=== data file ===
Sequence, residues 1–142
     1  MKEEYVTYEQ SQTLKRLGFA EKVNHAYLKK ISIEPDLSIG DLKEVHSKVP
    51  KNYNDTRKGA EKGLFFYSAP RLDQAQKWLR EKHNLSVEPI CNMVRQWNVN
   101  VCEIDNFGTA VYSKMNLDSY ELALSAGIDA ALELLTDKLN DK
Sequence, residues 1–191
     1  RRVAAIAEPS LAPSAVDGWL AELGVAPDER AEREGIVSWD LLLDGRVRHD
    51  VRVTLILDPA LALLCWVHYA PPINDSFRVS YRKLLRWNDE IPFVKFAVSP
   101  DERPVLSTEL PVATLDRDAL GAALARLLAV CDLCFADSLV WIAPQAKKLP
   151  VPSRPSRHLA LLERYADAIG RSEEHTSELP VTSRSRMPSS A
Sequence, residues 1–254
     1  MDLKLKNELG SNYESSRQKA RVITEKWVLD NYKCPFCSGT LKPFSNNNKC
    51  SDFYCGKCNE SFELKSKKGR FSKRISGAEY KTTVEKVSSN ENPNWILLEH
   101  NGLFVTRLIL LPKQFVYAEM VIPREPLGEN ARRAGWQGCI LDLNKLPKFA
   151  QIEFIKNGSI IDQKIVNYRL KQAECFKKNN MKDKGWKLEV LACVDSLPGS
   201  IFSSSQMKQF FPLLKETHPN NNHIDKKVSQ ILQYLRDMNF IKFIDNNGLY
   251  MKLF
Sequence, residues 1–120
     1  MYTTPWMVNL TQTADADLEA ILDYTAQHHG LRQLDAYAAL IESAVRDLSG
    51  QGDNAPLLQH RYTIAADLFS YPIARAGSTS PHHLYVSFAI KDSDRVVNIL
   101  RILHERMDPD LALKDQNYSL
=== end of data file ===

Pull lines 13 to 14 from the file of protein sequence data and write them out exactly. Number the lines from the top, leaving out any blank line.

   101  NGLFVTRLIL LPKQFVYAEM VIPREPLGEN ARRAGWQGCI LDLNKLPKFA
   151  QIEFIKNGSI IDQKIVNYRL KQAECFKKNN MKDKGWKLEV LACVDSLPGS